Monday, July 6, 2015

Two Versions

One of the great benefits of the 100 mug challenge I did earlier this year was a wide variety of mugs for both the wood kiln and the electric kiln.  It's a great opportunity to try similar glaze themes on different styles to see how the designs work on the different shapes.


This glaze is a satin matte black that I've really just started to appreciate.  On its own, it's pretty boring, but with some wax resist patterns and combined with other glazes - I LOVE IT!

I'm looking forward to trying some other patterns with this glaze in my next firing. 

Monday, June 29, 2015

Summer

This is my first summer as a fully self employed person.  I'd previously spent many years working full time doing other things while being a potter part time as well.  Beginning as a young teen I worked summers full time while school was out and upon graduation, began a full time job. Working through the summers my entire adult life as well. So...it's tempting to spend most of this summer like most the others of my life immersed in my work (though now more enjoyable work).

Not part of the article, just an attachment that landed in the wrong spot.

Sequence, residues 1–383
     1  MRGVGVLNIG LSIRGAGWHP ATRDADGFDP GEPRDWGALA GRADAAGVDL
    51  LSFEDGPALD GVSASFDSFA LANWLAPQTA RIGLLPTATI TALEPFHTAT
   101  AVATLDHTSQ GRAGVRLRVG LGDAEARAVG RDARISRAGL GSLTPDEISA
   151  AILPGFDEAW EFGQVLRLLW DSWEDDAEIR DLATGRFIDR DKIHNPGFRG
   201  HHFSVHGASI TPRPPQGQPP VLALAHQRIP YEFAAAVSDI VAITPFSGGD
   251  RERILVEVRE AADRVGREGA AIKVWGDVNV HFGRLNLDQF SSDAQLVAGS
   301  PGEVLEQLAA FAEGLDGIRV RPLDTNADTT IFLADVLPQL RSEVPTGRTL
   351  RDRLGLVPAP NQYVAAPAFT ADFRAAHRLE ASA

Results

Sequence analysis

However, with a great deal of "OMG, I've become a master slacker" guilt, I've taken more time this summer to just enjoy the time rather than work straight through it.  Though still producing a good quantity of pottery and attending a few events, I've been spending more time just enjoying a summer free of work obligation, lunching with friends, watching the daily changes in the garden, reading the Outlander series and so many things I hadn't the time for in a long time.  I put on "real shoes" a few days ago to go to a funeral and realized I'd spent the last several weeks barefoot or in sandals.  Perfect!
 

Enjoy your summer in whatever way possible.  They are so short, especially here in Minnesota.

Oh...and a subtle vase let's the flowers be the focal point. The earthy woodfired color adds natural beauty without overpowering or distracting.

Sunday, May 24, 2015

So...I've Been Thinking

This is usually the time that my husband, roadie and employee of the year says "Uh oh!"